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Though, with that being said, the fights do offer something interesting. In the world of Refrain Chord, Fencers are tied to their Fairies and can meld together to grant the Fencer abilities that you can learn and use in combat. In addition to your team’s primary fairies, you also gain additional Fairies known as Sub-Fairies. These ones each have their own abilities to learn and can be assigned to the Fencers and exchanged anytime. The Sub-Faries are thrown at you in spades, so you should not be afraid to experiment with your team lineup. Whilst all that is going on, Refrain Chord has a trick that is very unique to the game. Early one, you join forces with Fleur, who, as a Muse, has the ability to influence others with her voice through singing. As the story progresses, you also meet Glace, a villainous counterpart to Fleur. Make a note of Glace because you will see her in just about every single fight you get into, almost to the point of it being tedious, but I digress.

During combat, upon completing day-to-day actions, you can build up your Aria meter, and after a certain point, your Muse can begin to sing an Aria of your choice. New Arias can be gained as you progress through the game, with each one offering special buffs to any party member within range. Regardless of which you choose, it alters the battle music of the current fight to fit the chosen ability. This, for me, is where Refrain Chord really gets into its own. Should the opposing Muse – that would be Glace – choose to sing her opposing song at the same time as yours, it creates a musical counterpoint as both.

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Muses effectively duel vocally for supremacy. Muses, during their turn, can either choose to intensify the effects of their song or expand the range, and should the ranges of both songs cover the same ground, the effects of both Arias are amplified for their respective teams. This adds an element of strategy to an otherwise middling combat system. In fairness to Refrain Chord, you normally find yourself sticking to a handful of abilities whilst playing SRPGs no matter how many the game throws at you, but here I found myself frequently going through my entire repertoire of abilities in fights constantly trying to find the best one for each situation and to my delight, the answer was never the same.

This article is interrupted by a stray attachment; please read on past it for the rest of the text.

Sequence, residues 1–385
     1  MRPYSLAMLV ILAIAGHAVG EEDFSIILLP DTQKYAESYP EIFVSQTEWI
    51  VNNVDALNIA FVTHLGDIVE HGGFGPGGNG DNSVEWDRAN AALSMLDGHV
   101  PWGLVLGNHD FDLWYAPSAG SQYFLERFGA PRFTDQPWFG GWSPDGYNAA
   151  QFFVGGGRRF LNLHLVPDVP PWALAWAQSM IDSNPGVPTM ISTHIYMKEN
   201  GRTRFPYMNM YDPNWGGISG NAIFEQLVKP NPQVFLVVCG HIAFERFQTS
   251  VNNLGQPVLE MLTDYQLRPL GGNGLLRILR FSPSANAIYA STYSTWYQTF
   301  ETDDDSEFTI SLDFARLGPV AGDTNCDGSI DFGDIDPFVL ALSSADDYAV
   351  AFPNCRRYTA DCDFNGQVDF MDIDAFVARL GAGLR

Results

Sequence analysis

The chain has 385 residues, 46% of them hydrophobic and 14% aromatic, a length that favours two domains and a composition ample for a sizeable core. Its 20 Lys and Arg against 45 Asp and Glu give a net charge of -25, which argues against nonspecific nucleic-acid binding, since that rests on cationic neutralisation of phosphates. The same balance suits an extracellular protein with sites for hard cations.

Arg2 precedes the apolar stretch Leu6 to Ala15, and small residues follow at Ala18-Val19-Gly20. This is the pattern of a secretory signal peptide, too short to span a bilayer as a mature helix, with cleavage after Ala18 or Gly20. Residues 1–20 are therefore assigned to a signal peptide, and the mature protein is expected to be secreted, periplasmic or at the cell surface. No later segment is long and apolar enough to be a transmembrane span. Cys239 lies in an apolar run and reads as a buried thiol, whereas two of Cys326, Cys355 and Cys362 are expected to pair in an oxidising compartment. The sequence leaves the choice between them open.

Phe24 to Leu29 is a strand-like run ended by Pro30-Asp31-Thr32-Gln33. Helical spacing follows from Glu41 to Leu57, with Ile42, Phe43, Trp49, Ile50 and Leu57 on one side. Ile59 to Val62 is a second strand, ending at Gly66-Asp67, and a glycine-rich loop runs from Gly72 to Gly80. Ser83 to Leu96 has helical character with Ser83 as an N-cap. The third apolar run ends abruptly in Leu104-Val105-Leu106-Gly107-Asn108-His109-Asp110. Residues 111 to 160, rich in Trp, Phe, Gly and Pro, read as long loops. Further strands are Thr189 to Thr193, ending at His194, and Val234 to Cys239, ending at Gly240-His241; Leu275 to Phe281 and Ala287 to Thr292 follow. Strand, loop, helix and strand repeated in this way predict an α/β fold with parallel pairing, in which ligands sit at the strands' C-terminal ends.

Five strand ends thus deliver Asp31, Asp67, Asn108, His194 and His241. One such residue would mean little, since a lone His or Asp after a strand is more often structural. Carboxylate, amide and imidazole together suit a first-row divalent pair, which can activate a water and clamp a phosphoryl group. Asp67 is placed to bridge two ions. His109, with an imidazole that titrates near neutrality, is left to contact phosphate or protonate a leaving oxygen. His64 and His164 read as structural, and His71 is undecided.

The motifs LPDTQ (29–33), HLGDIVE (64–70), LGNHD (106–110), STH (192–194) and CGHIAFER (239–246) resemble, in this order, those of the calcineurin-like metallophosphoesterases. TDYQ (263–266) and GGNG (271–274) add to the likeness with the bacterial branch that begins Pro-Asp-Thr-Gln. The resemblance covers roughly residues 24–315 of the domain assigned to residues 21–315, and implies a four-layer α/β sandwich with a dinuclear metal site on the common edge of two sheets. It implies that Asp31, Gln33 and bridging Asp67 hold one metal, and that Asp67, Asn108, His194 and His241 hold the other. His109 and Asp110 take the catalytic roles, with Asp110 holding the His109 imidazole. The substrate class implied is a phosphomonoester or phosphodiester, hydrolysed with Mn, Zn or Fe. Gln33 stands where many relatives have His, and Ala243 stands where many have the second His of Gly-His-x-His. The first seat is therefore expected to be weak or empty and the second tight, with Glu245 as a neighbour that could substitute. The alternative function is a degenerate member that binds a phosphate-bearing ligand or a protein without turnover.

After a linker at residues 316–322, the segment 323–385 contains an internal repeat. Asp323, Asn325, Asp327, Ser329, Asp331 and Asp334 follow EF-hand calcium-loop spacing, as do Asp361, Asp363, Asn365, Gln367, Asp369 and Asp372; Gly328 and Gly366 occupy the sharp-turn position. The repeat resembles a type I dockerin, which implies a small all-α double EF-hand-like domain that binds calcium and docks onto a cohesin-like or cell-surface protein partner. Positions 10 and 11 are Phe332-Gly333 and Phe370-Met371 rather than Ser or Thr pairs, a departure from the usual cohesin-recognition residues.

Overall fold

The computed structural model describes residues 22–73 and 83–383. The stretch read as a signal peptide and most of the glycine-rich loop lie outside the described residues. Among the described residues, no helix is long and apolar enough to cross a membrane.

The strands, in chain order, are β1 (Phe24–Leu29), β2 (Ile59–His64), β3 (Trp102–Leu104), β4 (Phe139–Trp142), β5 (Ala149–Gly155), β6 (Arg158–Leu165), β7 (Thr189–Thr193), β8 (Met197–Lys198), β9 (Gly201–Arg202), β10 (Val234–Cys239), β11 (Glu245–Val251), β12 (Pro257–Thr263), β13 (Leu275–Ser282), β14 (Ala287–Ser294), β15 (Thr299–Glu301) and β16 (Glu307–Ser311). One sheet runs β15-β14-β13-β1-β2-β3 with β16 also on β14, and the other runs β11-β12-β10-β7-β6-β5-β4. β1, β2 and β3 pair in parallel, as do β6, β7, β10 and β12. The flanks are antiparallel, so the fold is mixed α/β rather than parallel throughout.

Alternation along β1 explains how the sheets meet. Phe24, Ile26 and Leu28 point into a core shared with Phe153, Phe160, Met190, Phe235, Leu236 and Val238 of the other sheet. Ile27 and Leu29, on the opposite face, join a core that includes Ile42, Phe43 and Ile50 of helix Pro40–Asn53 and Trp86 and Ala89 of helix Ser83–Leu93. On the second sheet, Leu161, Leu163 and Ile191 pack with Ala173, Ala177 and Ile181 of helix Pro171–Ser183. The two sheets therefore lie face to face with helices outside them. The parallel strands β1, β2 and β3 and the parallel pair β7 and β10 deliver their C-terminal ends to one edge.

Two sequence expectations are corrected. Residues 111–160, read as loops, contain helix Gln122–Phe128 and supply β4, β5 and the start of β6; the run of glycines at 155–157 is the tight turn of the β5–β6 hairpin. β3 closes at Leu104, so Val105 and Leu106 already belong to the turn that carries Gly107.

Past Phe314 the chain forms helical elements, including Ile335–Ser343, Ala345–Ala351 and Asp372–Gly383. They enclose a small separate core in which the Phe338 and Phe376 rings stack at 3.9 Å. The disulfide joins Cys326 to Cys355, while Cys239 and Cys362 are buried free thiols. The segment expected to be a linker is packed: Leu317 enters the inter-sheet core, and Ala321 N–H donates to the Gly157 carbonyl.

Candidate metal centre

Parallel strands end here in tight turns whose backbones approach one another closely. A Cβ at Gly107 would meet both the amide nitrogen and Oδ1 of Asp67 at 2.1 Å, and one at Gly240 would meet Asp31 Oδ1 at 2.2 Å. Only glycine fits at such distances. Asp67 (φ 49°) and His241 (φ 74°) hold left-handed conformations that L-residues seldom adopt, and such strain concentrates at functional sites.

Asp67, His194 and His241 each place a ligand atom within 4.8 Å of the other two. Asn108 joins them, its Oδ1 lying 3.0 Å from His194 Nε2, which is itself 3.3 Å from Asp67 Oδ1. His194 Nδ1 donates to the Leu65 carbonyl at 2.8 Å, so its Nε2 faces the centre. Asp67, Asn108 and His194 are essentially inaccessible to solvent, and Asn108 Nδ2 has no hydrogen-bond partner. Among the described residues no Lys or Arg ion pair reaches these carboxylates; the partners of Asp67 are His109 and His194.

Regardless of everything else, the game’s soundtrack is by far its biggest selling point. I mentioned previously the dueling Arias, but I feel that the only way to truly do it justice is to experience it yourself. The game’s soundtrack was already the best part, with composer Yoh Ohyama and co doing exemplary work with the regular soundtrack, but then the dueling Arias mashup to make mind-blowing and emotive pieces of music ended up becoming something else entirely. For me, the best part involves Notes of Faith as sung by Yui Ishikawa. Whilst I am always quick to experience good soundtracks that I would happily recommend outside of their game, this one, for me, needs to be experienced in situ to truly appreciate what was intended by the creators.

Fairy Fencer F: Refrain Chord is a strategy RPG journey that will end up being a bit of an acquired taste. The overly done and uninteresting usage of stills to tell a story, overly long and often unfunny scenes that ultimately cover nothing. Yet there is something underneath the surface that encourages me to want to come back and view all endings and experience all the treasures that this game has to hide. If you like these types of games or are looking for an SRPG to tide you over winter, then this is an experience to consider. I’m sure you’ll also end up loving the soundtrack and the musical motifs for the arias. Fairy Fencer F: Refrain Chord is out on PlayStation 4 with a $49.99 price tag. There’s also a PS5 version of this game available as a separate purchase for the same price tag.

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This Fairy Fencer F: Refrain Chord review is based on a PlayStation 4 copy provided by Idea Factory International.

Review Overview

Strategy RPG journey that will end up being a bit of an acquired taste